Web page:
We’re back to talking about the business of writing and publishing on Thursdays. I thought we might be done for a while, but an interesting post came across my feed on the weekend, and it’s well worth sharing.
If you’ve ever taken a course on statistics, or thought about them much, you’ll know that statistics can be used to “prove” just about anything. It depends what data you collect and which bits of it you choose to present. It can depend upon how the questions are asked, and it certainly depends upon who is asked the questions. One of the intriguing things that authors noted very early in the digital revolution was that the statistics about the publishing industry presented by traditional publishers and by media that typically reports on the publishing business didn’t seem to mirror the indie author’s experience. Many people began to wonder just what the truth was.
Neilson Bookscan, for example, is a service that publishers use which gathers point-of-sale data for individual books. The thing with Bookscan is that it tracks titles by ISBN#. All traditional publishers use ISBN#’s on all of their books, of course, and it is a unique identifier. BUT a publisher doesn’t need an ISBN# to publish a digital book to Amazon KDP, or to several other digital portals, and many indie authors (and some digital publishers) forgo the expense of getting an ISBN#. That means their books and the sales of those books aren’t included in Bookscan’s reports. That’s just one example of assumptions shaping results.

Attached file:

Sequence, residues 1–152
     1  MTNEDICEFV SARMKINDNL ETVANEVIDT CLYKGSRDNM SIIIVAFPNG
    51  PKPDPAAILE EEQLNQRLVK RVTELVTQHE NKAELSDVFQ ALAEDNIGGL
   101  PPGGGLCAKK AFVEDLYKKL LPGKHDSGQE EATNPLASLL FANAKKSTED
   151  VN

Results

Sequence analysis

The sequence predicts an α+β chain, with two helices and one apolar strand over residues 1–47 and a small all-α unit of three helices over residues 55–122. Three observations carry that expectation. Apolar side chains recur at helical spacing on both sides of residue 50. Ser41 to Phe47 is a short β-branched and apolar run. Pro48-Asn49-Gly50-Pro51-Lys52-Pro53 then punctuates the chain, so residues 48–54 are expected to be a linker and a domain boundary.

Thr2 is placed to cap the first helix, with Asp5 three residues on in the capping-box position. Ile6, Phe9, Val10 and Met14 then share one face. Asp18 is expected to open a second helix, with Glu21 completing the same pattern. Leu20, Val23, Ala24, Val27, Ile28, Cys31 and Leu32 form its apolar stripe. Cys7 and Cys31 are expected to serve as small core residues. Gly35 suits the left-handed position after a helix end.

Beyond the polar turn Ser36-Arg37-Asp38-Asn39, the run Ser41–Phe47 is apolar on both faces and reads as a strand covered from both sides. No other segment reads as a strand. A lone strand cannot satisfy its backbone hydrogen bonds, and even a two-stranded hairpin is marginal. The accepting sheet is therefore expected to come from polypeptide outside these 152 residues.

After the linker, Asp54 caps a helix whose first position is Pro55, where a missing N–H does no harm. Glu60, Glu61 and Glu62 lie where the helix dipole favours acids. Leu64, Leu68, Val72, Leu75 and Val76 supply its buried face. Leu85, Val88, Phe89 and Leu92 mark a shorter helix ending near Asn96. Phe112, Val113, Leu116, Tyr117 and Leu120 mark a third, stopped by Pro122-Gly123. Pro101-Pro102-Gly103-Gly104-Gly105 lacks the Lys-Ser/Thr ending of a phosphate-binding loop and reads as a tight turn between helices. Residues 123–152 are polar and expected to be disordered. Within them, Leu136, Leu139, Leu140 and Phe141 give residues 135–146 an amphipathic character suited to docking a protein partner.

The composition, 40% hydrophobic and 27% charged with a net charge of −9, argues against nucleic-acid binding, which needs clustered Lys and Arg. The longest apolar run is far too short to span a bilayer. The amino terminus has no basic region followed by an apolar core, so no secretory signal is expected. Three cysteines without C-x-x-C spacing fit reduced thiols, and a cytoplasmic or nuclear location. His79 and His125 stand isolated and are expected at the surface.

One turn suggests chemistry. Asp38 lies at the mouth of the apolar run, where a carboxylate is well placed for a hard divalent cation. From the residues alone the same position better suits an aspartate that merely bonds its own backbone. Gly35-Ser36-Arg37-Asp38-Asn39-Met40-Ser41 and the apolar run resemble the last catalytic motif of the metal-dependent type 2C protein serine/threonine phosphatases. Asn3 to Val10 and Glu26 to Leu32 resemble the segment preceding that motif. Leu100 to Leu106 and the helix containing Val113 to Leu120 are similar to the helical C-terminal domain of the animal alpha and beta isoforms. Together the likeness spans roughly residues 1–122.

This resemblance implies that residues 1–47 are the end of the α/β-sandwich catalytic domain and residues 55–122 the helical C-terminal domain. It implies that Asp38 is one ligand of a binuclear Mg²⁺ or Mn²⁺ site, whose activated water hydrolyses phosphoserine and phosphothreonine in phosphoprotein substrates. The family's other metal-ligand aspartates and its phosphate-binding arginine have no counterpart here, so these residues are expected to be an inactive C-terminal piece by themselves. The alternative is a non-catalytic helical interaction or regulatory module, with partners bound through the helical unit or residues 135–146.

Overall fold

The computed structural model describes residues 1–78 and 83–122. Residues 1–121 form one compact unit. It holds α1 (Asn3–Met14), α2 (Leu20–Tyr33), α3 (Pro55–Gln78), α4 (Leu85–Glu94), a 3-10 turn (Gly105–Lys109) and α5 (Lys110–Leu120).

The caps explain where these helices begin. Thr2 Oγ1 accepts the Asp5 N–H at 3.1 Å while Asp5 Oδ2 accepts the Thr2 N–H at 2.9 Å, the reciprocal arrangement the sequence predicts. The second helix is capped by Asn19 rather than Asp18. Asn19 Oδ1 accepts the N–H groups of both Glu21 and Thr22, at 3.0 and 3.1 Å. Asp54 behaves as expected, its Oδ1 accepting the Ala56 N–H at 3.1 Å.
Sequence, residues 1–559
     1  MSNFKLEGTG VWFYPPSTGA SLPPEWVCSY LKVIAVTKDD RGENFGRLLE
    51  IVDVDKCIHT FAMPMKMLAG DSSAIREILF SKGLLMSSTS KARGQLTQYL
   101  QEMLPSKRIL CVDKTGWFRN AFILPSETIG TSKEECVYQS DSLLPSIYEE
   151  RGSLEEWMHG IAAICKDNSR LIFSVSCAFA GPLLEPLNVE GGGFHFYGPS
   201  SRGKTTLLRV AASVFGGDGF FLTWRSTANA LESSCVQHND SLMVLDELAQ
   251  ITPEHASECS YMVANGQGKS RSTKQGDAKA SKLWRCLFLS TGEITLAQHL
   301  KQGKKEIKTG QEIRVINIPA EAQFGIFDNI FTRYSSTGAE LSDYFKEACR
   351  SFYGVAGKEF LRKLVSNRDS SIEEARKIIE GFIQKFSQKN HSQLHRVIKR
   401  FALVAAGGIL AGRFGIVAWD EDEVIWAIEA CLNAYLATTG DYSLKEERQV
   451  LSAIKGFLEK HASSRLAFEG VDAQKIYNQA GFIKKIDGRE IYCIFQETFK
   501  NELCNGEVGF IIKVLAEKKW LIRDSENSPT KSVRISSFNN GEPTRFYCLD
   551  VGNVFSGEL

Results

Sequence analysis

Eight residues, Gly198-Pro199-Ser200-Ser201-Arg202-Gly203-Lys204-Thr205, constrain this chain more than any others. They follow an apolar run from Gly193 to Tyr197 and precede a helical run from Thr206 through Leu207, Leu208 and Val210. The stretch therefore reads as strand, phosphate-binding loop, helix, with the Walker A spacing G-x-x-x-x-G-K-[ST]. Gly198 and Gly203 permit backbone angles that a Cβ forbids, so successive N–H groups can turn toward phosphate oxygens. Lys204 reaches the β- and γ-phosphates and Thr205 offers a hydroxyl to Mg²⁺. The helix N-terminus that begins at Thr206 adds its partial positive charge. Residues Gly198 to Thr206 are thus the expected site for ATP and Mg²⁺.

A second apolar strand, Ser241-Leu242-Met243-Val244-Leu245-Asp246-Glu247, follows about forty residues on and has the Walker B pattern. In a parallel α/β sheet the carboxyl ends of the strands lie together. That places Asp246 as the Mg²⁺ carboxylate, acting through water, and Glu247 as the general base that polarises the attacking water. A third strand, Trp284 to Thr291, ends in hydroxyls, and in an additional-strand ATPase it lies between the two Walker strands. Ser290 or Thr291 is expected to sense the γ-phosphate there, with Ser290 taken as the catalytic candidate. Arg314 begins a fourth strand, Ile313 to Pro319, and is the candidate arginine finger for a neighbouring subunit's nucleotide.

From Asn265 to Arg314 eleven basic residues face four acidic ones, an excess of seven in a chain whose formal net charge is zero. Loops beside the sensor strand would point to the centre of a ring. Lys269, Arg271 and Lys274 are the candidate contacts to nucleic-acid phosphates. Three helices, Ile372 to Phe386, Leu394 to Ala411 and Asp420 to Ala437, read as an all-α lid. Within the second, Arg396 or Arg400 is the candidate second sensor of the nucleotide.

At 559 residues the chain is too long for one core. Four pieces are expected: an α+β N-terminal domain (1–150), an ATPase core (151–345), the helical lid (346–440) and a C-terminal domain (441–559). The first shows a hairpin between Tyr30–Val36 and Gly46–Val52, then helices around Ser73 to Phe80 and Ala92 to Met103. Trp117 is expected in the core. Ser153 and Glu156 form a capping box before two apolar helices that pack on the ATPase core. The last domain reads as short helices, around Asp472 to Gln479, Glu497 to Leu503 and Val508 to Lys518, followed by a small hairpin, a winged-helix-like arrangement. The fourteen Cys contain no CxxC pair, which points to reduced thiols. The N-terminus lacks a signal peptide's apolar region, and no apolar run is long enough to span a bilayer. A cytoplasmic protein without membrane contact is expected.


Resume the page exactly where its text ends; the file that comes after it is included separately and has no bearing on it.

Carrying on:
It was a few years ago when I first saw a presentation made by Hugh Howey, based on data he and a programmer friend (“Dataguy”) gathered from Amazon’s website. (I think it was at NINC in October 2012.) They developed a software program that walks the HTML of the website to gather the data behind rankings, which let them extrapolate sales numbers and trends in the marketplace. They also have their assumptions, so the data isn’t perfect, but I doubt it ever could be (without Amazon and the other sales portals actually sharing their sales data). Their results do provide another view of what’s happening in the book market. Last week, they made a presentation at RWA National about digital book sales of romance novels, which is pretty interesting.
A couple of take-aways for me:
• “The US digital market for romance novel is 235 million units per year.”
• “Amazon US sells 328,537 digital romance novels per day.”
• “67% of US romance sales are not tracked by any traditional industry metric.”